As one should expect, the reduced model's applicability has a limited quantitative range. It works well for the qualitative feature of PIF, considering the responsiveness of priming transient inhibition. In this case the hyperpolarized levels do not fall below *E*_{inh} (−66.5 mV). For stronger hyperpolarizations, say in response to *I*_{app} steps, the *V*–*w* model, unlike the full model, predicts classical PIR. This can be understood from looking at a zoom-out of the phase plane (Fig. 5*A*). Here we see as we move away from the saddle point along the threshold separatrix that it makes a U-turn, crossing the *w*-nullcline at *V* ≈ −65.6 (see arrow) and exiting this zoom-out's left border near *w* = 0.4. Now, for setting up conditions for PIR, suppose that a long hyperpolarizing current step is applied. Then the state point approaches a holding steady state with *V* and *w* that must lie along the *w*-nullcline, below rest. If this holding level has *V* less than −65.6 mV then the state point is below the threshold separatrix and when the current step is ended an upstroke (i.e., PIR) occurs. The full model does not show PIR for release from any maintained current steps. This is because *n* is not frozen and τ_{n} is small enough so that when *V* begins increasing on release and it increases beyond *V*_{rest} the *n*-gates open rapidly, more than at rest (the frozen level in the *V*–*w* model), and thereby preclude a spike. If *n* is adequately slowed by increasing τ_{n} artificially enough the full model does show PIR. The sensitivity of PIR to the degree of *I*_{K} activation around rest is also somewhat reflected in the *V*–*w* model. For example, if the frozen value *n*_{0} were increased from 0.0194 to 0.05 (still only 5% activation) PIR would not occur in the *V*–*w* model. The separatrix would not cross the *w*-nullcline (Fig. 5*B*) and the reduced and full models would agree in this regard, as well as for PIF.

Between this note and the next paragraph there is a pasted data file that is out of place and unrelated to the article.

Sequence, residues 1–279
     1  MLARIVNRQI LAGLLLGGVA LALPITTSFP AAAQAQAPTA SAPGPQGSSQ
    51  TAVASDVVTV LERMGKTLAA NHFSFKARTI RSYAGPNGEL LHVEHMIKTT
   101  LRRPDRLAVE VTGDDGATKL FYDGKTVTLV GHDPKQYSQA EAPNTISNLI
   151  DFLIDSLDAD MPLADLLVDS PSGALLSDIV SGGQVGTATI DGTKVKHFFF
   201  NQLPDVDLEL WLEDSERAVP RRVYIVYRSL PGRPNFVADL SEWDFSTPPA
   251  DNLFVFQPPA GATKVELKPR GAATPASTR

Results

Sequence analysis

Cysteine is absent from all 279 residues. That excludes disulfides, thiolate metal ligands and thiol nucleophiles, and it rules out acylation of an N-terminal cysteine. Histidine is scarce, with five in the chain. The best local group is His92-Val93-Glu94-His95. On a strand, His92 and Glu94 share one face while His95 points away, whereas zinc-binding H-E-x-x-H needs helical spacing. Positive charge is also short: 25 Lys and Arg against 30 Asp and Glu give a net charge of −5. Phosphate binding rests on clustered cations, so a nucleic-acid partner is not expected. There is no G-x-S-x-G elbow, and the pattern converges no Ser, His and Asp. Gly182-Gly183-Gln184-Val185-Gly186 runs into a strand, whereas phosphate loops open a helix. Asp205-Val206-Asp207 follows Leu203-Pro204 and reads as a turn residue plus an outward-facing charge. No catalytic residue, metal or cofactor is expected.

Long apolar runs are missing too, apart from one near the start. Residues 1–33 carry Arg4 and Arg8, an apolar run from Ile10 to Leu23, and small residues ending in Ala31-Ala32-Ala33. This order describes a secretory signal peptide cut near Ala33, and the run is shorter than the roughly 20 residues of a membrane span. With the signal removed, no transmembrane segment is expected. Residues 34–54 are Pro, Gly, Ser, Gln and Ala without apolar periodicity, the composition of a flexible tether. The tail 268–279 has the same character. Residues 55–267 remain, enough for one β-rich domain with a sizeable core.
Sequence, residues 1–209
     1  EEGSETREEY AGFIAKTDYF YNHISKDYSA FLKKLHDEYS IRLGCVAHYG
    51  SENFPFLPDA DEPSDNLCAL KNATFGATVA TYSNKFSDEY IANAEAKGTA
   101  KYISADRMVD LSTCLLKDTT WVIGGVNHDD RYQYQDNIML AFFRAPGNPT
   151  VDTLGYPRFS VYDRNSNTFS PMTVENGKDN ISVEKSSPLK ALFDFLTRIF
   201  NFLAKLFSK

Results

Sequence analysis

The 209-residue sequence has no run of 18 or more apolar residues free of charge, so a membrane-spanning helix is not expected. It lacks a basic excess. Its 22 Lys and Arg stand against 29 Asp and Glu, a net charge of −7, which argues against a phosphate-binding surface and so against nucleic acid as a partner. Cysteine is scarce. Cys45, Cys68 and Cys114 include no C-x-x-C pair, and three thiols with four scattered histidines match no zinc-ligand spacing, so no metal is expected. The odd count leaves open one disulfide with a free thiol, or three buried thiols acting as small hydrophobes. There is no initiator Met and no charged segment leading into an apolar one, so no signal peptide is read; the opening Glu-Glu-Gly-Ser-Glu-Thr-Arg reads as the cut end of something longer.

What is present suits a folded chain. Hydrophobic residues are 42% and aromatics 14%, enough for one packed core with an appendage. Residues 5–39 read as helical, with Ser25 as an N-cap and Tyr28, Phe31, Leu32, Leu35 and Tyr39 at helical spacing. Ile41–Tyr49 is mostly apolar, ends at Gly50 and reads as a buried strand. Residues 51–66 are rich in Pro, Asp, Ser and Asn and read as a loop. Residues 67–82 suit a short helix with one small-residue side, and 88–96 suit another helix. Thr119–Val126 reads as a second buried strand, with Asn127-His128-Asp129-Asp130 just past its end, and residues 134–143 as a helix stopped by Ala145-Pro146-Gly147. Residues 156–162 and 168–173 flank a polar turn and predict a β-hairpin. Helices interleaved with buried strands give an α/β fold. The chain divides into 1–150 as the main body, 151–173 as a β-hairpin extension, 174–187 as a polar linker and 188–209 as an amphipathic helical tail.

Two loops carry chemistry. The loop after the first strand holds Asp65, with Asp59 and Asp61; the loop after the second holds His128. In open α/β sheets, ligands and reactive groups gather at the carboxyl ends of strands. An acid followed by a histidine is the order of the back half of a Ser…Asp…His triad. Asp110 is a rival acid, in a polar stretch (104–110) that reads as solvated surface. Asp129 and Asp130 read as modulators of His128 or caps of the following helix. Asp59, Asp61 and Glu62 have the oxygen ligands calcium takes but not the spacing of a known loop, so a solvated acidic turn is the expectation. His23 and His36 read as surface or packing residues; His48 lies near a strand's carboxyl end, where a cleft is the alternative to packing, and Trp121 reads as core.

The *V*–*w* model is quite responsive to such strong hyperpolarizing inputs, even if they are very brief. For example, a 1-ms (1-nA) anodal current of a given amplitude is adequate to cause a rebound upstroke (Fig. 5*A*), although a briefer input of 0.5 ms is not. However, a briefer hyperpolarizing current step if made very strong can lead to rebound. In the extreme case of a delta-function of *I*_{app} the membrane is instantaneously hyperpolarized and if this *V*-displacement below rest is large enough [here, ≲ −90.8 mV (see arrow), just leftward of where the threshold separatrix crosses upward through *w* = *w*_{rest}] then rebound occurs (Fig. 5*A*). In this case of such a U-turning separatrix, the cell model behaves as if it had two thresholds for brief *I*_{app} inputs: one for depolarizing pulses and one for hyperpolarizing pulses. The observation that a strong instantaneous hyperpolarizing current pulse can evoke a rebound spike was reported by FitzHugh for the classical HH model (FitzHugh 1976); here, by showing it in a two-variable model, we provide a geometric phase-plane interpretation (see also Izhikevich 2001).